Saturday, May 14, 2016

Saturday Morning Video: Algorithmic Aspects of Inference, Ankur Moitra @CIRM

A week-long school was held at the Centre International de Recontres Mathématiques (CIRM) in Marseille, France. It immediately preceded the IHP Thematic Program in Paris, which made a concerted effort to broaden and deepen the connections between information theory and the theory of computation. The school consisted of several tutorials, each taught by a leading researcher, with the goal of introducing the key questions, mathematical tools, and open problems in an area.

Here is the first video.

Algorithmic Aspects of Inference   Ankur Moitra (MIT)

Parametric inference is one of the cornerstones of statistics, but much of the classic theory revolves around asymptotic notions of convergence and relies on estimators that are hard to compute (particularly in high-dimensional problems). In this tutorial, we will explore the following questions:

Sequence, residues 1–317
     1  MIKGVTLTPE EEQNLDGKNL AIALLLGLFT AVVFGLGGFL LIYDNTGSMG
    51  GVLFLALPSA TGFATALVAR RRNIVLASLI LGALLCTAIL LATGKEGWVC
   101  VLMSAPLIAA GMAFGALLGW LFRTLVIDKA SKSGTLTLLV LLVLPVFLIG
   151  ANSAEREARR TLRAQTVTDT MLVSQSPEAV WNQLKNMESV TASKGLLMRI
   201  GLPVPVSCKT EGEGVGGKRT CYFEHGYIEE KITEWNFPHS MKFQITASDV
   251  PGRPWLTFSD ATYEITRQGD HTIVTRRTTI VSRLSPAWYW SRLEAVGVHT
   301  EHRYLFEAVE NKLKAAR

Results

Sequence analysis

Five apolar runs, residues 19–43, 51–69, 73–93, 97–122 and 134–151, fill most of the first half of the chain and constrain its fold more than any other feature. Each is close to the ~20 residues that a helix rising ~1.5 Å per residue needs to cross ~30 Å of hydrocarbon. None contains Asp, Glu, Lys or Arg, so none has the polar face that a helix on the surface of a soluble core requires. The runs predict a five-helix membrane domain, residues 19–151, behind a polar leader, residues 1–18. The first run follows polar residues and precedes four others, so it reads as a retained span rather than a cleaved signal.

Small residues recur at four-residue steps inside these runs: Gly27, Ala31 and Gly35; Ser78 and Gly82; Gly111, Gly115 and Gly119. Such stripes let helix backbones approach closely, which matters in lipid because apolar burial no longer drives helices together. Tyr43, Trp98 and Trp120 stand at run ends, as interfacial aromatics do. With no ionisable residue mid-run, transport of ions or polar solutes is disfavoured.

(1) For some of the fundamental problems in statistics, are there surrogates for the maximum likelihood estimator that also converge at an inverse polynomial rate to the true parameters, but in contrast can be computed efficiently?
(2) Can we establish tradeoffs between sample complexity and computational complexity? And what types of hardness assumptions allow us to explore this space?
We will cover topics such as the method of moments, learning mixture models, tensor decomposition, sparse PCA and matrix/tensor completion.

 Algorithmic Aspects of Inference

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1 comment:

Royi said...

What a great teacher.
Great Lectures.

Thank You.